The 4 most fascinating palaces in the world

The 4 most fascinating palaces in the world

Palaces, which used to serve as homes for kings and queens, were constructed not only as royal abodes but also as a means to showcase power and prestige. Consequently, monarchs and emperors engaged in a competition to outdo each other by constructing extravagant summer homes and accumulating exquisite art collections to adorn their grand halls and regal apartments.

Apart from the impressive architecture and artworks, the former royal dwellings also boast captivating gardens and grounds adorned with magnificent fountains and blooming flower beds. These stunning palaces are now among the most frequented tourist attractions and museums in the vicinity, given their significant artistic, cultural, and historical worth.

These palaces are amongst the most expensive in the world. Only billionaires can afford to buy such estates. Not even a jackpot winner can buy one of them. However, considering the chances of winning the jackpot and the reward size, big prize winners can still afford less castles like the £600 million St James’s Palace.

Now that you understand just how valuable these old palaces are, let’s get this list started.

Louvre Palace, France (£37.5 Billion)

The Louvre Palace, located in Paris, France, is a historical monument and museum that dates back to the 12th century. It was originally built as a fortress but was later expanded and renovated by various monarchs over the centuries.

Today, the Louvre is one of the world’s largest museums, containing over 38,000 objects and artefacts from all over the world, including the iconic Mona Lisa painting. The palace also houses several administrative offices and academic institutions.

The Louvre Palace is estimated to be worth around £37.5 billion, according to a report by Forbes in 2019. However, similar to the Palace of Versailles, its true value is difficult to measure due to its immense historical and cultural significance.

Palace of Versailles (£42 billion)

Versailles, initially a modest hunting lodge, underwent a remarkable transformation under Louis XIV to become one of the largest and most splendid palaces in history. The Sun King embellished and expanded the palace before eventually making it his royal abode and administrative centre.

Although many of its most treasured works of art and possessions were transferred to the Louvre after the French Revolution, extensive refurbishment and reconstruction work has restored the palace to its former magnificence.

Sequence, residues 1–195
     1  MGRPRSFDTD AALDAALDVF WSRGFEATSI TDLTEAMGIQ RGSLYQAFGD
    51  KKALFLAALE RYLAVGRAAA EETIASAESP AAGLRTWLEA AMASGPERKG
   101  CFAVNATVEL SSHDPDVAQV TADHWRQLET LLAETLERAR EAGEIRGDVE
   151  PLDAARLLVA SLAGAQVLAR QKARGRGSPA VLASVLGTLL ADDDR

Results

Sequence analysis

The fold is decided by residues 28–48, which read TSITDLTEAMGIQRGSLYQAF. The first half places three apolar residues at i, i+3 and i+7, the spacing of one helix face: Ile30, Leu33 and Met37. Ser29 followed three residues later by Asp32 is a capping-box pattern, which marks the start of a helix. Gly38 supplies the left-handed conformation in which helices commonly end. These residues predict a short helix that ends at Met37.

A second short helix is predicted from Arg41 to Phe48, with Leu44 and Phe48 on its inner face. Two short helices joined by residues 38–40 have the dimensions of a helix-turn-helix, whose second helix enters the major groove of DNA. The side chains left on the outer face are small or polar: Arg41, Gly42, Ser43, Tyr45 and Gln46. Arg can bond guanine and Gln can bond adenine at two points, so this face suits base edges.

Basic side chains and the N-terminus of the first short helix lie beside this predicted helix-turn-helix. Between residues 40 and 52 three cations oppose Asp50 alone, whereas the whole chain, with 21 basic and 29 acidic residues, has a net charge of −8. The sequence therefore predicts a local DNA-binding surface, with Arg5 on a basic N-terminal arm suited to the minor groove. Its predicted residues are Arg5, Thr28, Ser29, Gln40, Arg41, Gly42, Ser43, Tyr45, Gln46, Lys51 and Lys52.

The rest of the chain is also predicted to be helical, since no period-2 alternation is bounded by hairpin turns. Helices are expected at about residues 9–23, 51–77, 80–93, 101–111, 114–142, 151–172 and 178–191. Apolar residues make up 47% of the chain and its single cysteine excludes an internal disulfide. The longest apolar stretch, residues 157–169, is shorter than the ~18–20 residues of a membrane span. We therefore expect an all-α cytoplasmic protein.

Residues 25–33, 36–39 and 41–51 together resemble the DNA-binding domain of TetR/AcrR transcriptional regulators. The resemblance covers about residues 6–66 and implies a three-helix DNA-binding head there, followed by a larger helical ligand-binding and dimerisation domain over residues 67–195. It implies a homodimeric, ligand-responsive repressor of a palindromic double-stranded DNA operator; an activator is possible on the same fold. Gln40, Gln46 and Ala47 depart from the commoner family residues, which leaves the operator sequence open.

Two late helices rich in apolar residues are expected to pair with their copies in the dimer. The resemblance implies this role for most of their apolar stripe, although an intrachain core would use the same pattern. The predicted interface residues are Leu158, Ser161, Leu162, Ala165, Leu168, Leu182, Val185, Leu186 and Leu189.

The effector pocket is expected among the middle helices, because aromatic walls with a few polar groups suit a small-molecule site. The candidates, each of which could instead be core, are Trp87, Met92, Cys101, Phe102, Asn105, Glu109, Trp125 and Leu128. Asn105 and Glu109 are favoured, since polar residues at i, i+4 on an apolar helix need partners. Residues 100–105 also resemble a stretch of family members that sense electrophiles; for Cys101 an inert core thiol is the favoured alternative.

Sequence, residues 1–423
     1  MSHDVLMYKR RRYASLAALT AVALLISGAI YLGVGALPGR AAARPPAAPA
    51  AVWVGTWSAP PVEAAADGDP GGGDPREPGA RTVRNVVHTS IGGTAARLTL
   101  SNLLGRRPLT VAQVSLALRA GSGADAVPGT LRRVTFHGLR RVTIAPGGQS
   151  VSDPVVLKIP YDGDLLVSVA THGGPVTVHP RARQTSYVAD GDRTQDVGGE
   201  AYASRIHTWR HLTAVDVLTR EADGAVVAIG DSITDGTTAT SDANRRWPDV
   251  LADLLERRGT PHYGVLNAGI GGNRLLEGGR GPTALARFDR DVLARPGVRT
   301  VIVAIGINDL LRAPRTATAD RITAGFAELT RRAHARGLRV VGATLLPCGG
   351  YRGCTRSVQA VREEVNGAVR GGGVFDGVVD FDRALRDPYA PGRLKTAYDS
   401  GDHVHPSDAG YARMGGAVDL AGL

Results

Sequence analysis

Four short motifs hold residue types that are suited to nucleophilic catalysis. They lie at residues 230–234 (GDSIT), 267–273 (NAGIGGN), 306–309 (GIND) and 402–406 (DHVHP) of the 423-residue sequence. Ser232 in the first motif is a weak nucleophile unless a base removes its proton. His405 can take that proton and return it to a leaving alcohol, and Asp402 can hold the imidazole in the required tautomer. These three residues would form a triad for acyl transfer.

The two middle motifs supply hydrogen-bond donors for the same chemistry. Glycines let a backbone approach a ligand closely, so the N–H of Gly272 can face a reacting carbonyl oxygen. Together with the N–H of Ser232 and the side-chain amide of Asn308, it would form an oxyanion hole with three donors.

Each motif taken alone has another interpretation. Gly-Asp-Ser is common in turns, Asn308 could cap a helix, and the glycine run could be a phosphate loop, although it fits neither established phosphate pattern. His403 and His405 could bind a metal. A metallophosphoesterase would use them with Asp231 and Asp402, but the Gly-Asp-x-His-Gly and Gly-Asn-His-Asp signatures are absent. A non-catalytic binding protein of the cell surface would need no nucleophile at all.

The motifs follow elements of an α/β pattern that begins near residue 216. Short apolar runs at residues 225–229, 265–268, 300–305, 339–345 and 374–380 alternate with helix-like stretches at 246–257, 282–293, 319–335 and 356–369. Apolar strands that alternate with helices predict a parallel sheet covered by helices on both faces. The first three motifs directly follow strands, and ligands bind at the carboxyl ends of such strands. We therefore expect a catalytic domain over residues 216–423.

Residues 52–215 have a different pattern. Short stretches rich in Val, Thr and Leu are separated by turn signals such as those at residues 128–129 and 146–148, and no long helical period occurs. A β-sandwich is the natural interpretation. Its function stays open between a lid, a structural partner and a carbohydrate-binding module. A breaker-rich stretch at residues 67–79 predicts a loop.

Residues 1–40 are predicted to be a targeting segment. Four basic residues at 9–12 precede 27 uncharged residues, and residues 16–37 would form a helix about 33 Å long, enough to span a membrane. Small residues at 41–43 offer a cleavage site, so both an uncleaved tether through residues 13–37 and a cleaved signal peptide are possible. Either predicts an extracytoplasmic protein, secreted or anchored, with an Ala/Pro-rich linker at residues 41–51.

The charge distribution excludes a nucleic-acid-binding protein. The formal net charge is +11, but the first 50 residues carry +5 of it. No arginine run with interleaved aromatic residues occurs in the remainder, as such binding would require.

Today, the Palace of Versailles is one of France’s most sought-after tourist destinations. Millions of visitors flock every year to see the stunning Royal Apartments, the dazzling Hall of Mirrors, and the grand Royal Opera. Of course, the palace’s spectacular gardens, complete with impressive fountains and flower beds, are also a must-see.

Given the historical, cultural, and architectural significance of the palace, which has witnessed many world-changing events, the Palace of Versailles stands as one of the country’s most vital treasures.

Winter Palace (£5.67 billion)

The Winter Palace, formerly the residence of the Russian Tsars, is now home to the world-renowned Hermitage museum. Constructed in the Elizabethan Baroque style, the palace’s seemingly boundless green and white walls are reputed to encompass over 1,500 intricately designed and ornamented rooms.

The palace’s magnificence, along with the exceptional art and architecture on display, serves as a testament to the might and power of Imperial Russia. However, in 1917, the monarchy and empire came to an end when the Winter Palace was seized during one of the critical moments of the Russian Revolution.

Today, the palace and museum are among the most significant attractions in Saint Petersburg, showcasing the city’s historical and cultural heritage.

Forbidden City (£58.4 Billion)

Since its inception in 1406, the Forbidden City has been a symbol of dominance and significance in central Beijing and throughout China. As the imperial residence of the Ming and Qing dynasties’ emperors, this grandiose palace served as the seat of power for their vast empires.

The palace complex spans a substantial area, encompassed by a high wall and a broad moat, and contains approximately 980 distinctive buildings. These architectural marvels exemplify remarkable Chinese palace design, with the Hall of Supreme Harmony and the Palace of Heavenly Purity being only two of the many must-see attractions.

Following the abdication of the last emperor in 1925, the Palace Museum maintained the Forbidden City, which exhibits an incredible range of artwork and artefacts for visitors to appreciate. A culmination of over two thousand years of Chinese and East Asian art and architecture, the Forbidden City is a crucial and awe-inspiring destination in Beijing and throughout China.


Which is the richest palace in the world?

Reportedly, the 775-bedroom Buckingham Palace is the most expensive property in the world. It is official residence of the British Royal Family since 1837 has an estimated value of nearly £1.4 billion as per a May 2022 Bloomberg report.

What is the smallest palace in the world?

Built in 1631 as a fashionable mansion for a wealthy London silk merchant, Kew Palace is the smallest among all the royal palaces.

Where is the oldest palace in the world?

With almost 1,000 years of history, Windsor Castle has been the family home of British monarchs and is currently the oldest inhabited castle in the world. As an official royals’ residence, the castle is still a functioning royal palace and houses around 150 people.

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